Maybe Vs May Be

Understanding the Difference between “Maybe” and “May Be”




By the end of this lesson, you will be able to correctly distinguish between “maybe” and “may be” in sentences.


“Maybe” and “may be”. Have you ever been confused by these two similar-looking phrases?
Although they may look similar, they have different meanings and uses in English.

1. “Maybe” (Adverb):
“Maybe” in one word is an adverb that means “perhaps” or “possibly.”
Here are a couple of examples of sentences using “maybe”:
  – Maybe we can go to the park tomorrow. (Perhaps we can go to the park tomorrow.)
  – I’m not sure, but maybe it will rain later. (I’m not sur; but it is possible it will rain later.)

2. “May Be” (Verb Phrase):
“May be” is a verb phrase consisting of the modal verb “may” and the verb “be.”
It is used to indicate possibility or permission.
Here are a couple of examples using “may be”:
  – She may be late for the meeting (indicating possibility).
  – You may be allowed to leave early (indicating permission).

3. Practice:
Here are some sentences with blanks to fill in the correct choice, either “maybe” or “may be.”
  – He ___ coming to the party later.
  – I’m not sure, but it ___ a good idea to check the weather forecast.
  – They ___ able to finish the project by Friday.
Feel free to comment your answers.

4. Common Mistakes:

Here are some common mistakes that learners often make when using “maybe” and “may be” along with explanations:

1. Confusing Spelling:
   Mistake: Writing “may be” as one word, such as “maybe.”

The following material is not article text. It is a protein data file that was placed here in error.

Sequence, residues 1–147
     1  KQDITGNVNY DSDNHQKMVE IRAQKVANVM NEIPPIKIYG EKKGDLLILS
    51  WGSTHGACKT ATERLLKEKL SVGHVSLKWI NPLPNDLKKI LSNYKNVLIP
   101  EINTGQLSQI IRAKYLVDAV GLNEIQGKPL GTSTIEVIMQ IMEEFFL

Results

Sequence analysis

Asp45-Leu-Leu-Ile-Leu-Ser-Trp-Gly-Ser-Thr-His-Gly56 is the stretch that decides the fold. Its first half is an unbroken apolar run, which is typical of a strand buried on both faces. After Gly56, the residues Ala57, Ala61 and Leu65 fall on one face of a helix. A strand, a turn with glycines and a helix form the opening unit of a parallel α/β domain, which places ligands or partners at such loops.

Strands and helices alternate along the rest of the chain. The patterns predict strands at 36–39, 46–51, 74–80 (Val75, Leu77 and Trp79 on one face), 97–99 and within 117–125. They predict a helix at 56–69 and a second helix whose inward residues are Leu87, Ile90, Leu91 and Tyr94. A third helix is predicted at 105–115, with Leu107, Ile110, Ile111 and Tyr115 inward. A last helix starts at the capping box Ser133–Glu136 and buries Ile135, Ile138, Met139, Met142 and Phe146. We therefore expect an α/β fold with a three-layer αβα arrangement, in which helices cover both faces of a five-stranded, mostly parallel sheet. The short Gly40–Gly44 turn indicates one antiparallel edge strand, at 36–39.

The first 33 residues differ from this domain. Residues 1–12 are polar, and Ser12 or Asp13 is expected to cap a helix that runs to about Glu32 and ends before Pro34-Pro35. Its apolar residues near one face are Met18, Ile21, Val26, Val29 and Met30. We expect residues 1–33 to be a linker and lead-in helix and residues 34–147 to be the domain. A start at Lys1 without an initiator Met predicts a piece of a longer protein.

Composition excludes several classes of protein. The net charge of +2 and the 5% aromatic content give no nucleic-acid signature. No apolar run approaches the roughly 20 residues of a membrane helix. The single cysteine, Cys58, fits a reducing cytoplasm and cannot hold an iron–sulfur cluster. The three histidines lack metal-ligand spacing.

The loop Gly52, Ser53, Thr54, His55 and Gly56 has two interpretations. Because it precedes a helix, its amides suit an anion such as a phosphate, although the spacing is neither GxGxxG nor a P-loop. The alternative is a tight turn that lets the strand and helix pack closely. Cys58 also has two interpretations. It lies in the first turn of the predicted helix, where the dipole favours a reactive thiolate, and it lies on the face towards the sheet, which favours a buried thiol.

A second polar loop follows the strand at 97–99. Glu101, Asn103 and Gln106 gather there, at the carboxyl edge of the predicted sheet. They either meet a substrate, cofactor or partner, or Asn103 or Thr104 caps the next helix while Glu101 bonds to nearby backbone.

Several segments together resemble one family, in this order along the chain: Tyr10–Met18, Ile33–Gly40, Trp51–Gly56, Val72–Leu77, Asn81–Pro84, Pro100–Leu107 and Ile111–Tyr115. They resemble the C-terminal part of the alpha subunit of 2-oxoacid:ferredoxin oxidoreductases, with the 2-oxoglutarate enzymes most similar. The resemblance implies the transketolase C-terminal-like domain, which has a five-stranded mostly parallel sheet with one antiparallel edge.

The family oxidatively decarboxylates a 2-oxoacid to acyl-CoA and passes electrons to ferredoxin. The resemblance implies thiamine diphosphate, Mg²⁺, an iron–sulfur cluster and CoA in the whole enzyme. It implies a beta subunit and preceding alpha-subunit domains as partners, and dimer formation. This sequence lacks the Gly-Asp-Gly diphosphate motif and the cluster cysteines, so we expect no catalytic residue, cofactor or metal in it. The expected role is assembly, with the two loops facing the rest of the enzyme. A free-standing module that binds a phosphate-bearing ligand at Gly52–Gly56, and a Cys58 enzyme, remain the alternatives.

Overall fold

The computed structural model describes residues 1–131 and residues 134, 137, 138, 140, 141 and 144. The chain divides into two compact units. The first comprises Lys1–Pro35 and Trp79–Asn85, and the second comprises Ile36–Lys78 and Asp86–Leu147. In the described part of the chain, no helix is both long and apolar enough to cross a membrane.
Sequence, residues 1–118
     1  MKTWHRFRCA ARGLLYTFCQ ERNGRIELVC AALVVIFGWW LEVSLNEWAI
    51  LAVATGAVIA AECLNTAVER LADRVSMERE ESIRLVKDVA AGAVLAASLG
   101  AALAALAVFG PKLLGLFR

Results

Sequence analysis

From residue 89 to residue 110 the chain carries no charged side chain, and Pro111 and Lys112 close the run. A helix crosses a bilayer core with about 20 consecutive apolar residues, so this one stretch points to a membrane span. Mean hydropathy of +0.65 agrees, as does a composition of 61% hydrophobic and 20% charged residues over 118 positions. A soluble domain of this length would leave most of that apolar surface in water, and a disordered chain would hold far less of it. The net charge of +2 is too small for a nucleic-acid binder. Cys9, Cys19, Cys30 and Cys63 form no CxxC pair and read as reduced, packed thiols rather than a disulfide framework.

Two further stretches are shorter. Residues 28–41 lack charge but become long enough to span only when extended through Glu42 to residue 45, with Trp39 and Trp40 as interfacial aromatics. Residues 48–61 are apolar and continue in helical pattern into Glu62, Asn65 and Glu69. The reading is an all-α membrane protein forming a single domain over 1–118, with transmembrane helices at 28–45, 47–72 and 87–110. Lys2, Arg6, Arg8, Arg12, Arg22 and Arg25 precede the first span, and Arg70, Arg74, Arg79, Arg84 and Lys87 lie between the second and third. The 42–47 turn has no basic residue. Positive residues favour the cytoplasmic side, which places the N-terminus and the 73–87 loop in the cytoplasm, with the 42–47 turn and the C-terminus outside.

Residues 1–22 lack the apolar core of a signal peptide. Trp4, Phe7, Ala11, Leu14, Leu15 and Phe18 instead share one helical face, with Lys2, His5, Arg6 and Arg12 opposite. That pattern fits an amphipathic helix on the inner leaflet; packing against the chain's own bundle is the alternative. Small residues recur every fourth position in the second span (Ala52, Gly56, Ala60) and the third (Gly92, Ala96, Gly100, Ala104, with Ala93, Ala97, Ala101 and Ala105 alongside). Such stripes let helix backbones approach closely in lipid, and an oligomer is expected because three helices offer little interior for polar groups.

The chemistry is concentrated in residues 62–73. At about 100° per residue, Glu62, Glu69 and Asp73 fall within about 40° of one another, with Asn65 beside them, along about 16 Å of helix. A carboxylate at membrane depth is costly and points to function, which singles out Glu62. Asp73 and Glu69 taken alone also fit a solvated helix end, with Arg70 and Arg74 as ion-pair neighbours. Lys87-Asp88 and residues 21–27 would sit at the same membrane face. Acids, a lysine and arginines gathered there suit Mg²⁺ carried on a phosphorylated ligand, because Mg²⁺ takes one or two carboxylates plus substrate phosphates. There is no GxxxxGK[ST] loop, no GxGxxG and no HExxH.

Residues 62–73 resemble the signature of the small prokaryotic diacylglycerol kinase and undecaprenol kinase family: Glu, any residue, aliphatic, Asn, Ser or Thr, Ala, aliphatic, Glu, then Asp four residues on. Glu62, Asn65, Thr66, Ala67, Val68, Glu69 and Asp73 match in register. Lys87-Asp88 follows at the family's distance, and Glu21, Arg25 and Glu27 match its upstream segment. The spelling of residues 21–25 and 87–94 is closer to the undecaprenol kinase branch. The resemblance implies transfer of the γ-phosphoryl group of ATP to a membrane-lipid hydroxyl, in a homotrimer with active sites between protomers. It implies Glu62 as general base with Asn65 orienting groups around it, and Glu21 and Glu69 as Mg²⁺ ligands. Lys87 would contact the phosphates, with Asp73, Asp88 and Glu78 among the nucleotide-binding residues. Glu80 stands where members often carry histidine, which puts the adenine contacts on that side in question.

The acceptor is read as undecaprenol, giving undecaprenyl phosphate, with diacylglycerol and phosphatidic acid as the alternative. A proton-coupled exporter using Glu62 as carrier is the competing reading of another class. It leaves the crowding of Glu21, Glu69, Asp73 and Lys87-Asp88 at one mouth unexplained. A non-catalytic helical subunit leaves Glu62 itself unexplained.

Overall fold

Explanation: “Maybe” is a single adverb, while “may be” consists of two words: “may” (modal verb) and “be” (verb).

2. Incorrect Usage of “Maybe” as a Verb Phrase:
   Mistake: Using “maybe” to express possibility or permission.
  Explanation: “Maybe” is an adverb, not a verb phrase. Use “may be” when indicating possibility or permission.

3. Using “May Be” When “Maybe” Is Needed:
   Mistake: Saying or writing “may be” when an adverb like “maybe” is required.
   Explanation: “Maybe” is the correct choice when you want to mean “perhaps” or “possibly.”

4. Misplacing “May Be” in a Sentence:
   Mistake: Putting “may be” in an adverbial position in a sentence.
   Explanation: “May be” is used as a verb phrase and should typically follow a subject or be part of a verb clause.

5. Overusing “Maybe” in Formal Writing:
   Mistake: Using “maybe” excessively in formal or academic writing.
   Explanation: In formal contexts, it’s better to use alternative phrases like “perhaps” or “possibly” instead of “maybe.”

6. Not Considering Context:
   Mistake: Failing to consider the context to determine whether “maybe” or “may be” is appropriate.
   Explanation: Context is crucial in choosing the correct phrase, as it helps you discern whether you’re expressing possibility (may be) or uncertainty (maybe).

7. Ignoring Verb Tenses:
   Mistake: Not matching the verb tense correctly when using “may be.”
  Explanation: Ensure that the verb tense following “may be” matches the context. For example, “He may be late” (present tense) vs. “He may have been late” (past tense).

8. Misusing “May Be” for Expressing Uncertainty:
   – Mistake: Using “may be” when you intend to express uncertainty or doubt.
   – Explanation: “May be” indicates possibility, while “maybe” expresses doubt or uncertainty.